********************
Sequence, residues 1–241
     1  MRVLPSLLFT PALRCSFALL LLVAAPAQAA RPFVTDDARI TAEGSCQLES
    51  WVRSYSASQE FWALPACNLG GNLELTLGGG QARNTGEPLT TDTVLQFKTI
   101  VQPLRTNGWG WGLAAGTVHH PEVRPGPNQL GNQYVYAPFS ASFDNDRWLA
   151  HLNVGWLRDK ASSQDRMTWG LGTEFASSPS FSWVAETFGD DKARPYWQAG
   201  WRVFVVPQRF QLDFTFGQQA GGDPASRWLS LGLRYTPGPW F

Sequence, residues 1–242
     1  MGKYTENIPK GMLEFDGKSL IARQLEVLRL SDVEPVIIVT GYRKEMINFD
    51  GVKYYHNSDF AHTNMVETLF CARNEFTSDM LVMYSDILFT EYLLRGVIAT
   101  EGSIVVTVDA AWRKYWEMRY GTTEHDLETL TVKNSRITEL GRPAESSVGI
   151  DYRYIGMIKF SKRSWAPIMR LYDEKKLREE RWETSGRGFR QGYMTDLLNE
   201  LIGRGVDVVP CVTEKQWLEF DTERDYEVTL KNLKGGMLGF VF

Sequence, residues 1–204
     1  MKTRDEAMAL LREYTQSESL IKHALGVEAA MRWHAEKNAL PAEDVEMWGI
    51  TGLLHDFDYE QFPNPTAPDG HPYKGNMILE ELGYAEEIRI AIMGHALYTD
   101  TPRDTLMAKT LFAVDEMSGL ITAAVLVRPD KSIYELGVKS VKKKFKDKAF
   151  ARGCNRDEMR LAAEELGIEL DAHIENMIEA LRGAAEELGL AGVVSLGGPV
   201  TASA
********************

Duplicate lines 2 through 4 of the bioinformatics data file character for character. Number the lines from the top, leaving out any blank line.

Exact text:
     1  MRVLPSLLFT PALRCSFALL LLVAAPAQAA RPFVTDDARI TAEGSCQLES
    51  WVRSYSASQE FWALPACNLG GNLELTLGGG QARNTGEPLT TDTVLQFKTI
   101  VQPLRTNGWG WGLAAGTVHH PEVRPGPNQL GNQYVYAPFS ASFDNDRWLA